New UN initiative urges businesses to protect seafarers’ rights
A wide-ranging human rights checklist has been issued to business enterprises engaged with the maritime industry to protect seafarers stranded on ships due to new COVID-19 variants and government-imposed travel restrictions.
The tool is a joint initiative of the UN Global Compact, the UN Human Rights Office, the International Labour Organization (ILO) and the International Maritime Organization (IMO).
As explained, The Human Rights Due Diligence Tool for cargo owners and charterers has been issued amid concerns that the number of crew stranded working beyond their contracts at sea by COVID-19 restrictions could surge from the current level of 200,000, potentially returning to the peak of 400,000 seafarers at the height of the crew change crisis in September 2020.
UN agencies hope the new guidance will help ensure that the working conditions and human rights of seafarers are respected and comply with international standards.
The new guidance aims to ensure that seafarers have their rights safeguarded in areas such as physical and mental health, access to family life and freedom of movement. The agencies have expressed concern at reports of seafarers working beyond the 11-month maximum limit of service on board set out by the ILO Maritime Labour Convention (MLC).
The UN agencies have also expressed strong concern at reports that companies engaged in international trade are avoiding chartering vessels where a crew change is due, with some demanding ‘no crew change’ clauses in charter party agreements, preventing needed crew changeovers and adding further pressure on the maritime industry.
The new human rights tool complements current industry-led collective action, such as the Neptune Declaration on Seafarer Wellbeing, which has been signed by more than 750 companies.
The tool aims to provide guidance and a checklist for cargo owners, charterers and logistics providers to conduct human rights due diligence across their supply chains to identify, prevent, mitigate and address adverse human rights impacts for seafarers impacted by the ongoing Covid-19 crisis.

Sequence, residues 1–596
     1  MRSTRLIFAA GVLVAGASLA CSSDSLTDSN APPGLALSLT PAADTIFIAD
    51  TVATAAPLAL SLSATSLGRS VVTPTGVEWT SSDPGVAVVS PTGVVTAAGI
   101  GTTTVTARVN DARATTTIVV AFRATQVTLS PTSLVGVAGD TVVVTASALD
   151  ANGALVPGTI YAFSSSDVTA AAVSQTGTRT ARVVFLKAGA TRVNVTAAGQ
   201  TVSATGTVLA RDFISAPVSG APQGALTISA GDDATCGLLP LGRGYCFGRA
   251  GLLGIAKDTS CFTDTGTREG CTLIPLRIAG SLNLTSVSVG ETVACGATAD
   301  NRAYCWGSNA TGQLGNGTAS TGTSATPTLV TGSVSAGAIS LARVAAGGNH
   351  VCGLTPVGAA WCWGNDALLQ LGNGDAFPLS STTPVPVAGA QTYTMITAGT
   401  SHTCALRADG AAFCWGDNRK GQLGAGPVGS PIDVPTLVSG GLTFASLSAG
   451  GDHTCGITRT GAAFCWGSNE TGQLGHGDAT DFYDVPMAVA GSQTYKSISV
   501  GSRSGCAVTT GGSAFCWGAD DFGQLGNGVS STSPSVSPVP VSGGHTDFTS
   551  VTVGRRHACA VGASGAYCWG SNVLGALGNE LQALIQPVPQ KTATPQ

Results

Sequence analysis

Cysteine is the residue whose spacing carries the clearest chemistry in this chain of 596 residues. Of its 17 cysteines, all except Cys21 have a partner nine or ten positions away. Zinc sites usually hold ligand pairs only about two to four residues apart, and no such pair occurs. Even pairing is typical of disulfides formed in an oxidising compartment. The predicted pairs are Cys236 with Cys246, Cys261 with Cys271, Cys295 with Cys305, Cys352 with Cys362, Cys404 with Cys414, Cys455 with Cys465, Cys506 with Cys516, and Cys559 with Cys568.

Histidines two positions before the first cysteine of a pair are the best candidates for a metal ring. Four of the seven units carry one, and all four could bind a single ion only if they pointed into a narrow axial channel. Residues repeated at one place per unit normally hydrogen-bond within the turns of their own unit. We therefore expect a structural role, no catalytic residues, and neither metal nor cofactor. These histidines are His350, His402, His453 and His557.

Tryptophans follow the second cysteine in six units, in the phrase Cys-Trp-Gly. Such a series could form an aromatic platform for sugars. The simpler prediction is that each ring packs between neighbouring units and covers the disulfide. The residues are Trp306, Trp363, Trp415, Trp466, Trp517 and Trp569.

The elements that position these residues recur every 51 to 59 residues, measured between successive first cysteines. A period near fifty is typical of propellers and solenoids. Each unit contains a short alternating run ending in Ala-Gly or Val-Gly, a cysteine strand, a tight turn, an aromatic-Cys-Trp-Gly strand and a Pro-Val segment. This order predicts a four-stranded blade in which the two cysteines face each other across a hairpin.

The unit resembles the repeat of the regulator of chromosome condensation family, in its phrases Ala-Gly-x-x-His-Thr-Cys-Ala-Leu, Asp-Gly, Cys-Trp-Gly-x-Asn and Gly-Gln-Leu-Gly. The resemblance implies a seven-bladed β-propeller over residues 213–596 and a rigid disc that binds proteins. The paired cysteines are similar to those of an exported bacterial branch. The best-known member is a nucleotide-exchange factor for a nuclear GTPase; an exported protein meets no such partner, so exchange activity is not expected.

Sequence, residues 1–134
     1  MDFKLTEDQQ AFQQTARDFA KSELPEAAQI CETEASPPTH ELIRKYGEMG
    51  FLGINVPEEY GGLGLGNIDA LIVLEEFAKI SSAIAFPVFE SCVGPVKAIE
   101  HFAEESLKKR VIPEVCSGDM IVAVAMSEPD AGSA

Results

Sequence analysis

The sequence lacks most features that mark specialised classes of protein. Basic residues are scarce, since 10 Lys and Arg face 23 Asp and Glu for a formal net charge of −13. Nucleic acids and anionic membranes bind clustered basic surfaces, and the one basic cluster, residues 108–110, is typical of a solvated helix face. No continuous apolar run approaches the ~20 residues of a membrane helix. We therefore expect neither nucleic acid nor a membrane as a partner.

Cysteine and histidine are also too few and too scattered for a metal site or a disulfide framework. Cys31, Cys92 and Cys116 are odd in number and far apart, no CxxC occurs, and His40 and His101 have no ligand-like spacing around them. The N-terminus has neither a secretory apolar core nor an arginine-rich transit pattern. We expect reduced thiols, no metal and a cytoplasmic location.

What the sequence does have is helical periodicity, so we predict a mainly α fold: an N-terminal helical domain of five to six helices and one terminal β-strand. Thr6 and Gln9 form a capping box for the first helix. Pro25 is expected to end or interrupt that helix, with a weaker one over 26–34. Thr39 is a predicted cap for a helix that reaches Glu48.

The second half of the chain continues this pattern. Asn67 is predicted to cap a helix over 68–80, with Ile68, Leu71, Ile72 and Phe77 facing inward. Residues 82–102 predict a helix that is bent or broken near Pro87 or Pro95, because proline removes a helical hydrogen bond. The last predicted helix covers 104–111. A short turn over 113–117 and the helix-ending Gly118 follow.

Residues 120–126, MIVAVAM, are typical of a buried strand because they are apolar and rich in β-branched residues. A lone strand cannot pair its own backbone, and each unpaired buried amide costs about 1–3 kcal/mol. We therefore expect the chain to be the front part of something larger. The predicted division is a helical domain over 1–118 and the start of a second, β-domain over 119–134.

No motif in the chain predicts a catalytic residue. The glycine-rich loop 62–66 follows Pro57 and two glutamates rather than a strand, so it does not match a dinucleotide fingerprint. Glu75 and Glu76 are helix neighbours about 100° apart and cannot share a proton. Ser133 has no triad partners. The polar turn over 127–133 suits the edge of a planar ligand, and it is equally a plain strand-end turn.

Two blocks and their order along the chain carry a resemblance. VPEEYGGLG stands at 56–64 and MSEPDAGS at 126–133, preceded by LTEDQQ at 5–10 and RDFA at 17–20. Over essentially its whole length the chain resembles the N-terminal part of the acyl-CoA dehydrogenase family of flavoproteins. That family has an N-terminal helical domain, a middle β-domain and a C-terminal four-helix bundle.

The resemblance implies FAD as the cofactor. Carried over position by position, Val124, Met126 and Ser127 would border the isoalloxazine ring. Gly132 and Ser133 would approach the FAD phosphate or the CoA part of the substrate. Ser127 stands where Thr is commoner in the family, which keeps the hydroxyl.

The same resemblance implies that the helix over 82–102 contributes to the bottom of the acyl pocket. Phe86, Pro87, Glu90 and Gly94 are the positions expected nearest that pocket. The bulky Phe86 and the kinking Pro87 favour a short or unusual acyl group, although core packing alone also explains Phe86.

“The impact of the COVID-19 pandemic has highlighted the fragility of global supply chains as seafarers continue to endure tremendous, and yet largely invisible, hardship and suffering…The mental and physical wellbeing of seafarers must be a priority and this tool is an important step in building awareness of how to address human rights abuses in the maritime sector,” Sanda Ojiambo, Executive Director and CEO of the UN Global Compact said.
“This tool is an important step forward, providing a practical approach for cargo owners, charterers and logistic providers to consider the human rights of seafarers and ensure they are put first and foremost as they work to deliver the goods that people need and want,” Kitack Lim, IMO Secretary General, noted.
“The recent Suez Canal incident has reminded governments and the markets just how important global shipping is to the supply chains. Seafarers are continuing to work to maintain global trade through exceptional circumstances, and the Suez incident has only exacerbated the already dire crew change crisis. Seafarers must not be forgotten now the canal is open again, and we call on businesses to urgently adopt these important recommendations,” Guy Platten, International Chamber of Shipping Secretary General, pointed out.
“Responsible companies in today’s world want to understand how they or partners in their supply chains might be violating human rights, even inadvertently. That’s why in the midst of the crew change crisis, the launch of this tool couldn’t be more timely. It spells out exactly the questions that companies need to ask their suppliers or charterers about what’s happening to seafarers in their supply chains, and provides worker-led pathways for monitoring and enforcement to remedy any violations or mistreatment,” Stephen Cotton, International Transport Workers’ Federation General Secretary, said.
The International Transport Workers’ Federation, the International Chamber of Shipping, the Institute for Human Rights and Business, the Rafto Foundation for Human Rights, and the OECD actively contributed to the development of the tool. The tool is supported by the Sustainable Shipping Initiative, the World Economic Forum, the Global Maritime Forum, the Ethical Trading Initiative, and The Consumer Goods Forum, that welcome this key initiative in addressing the Covid-19 crew change crisis.
“We urge business to use this tool to help improve the working conditions for seafarers and underpin a more sustainable shipping industry,” Peter McAllister, Ethical Trading Initiative Executive Director, stressed.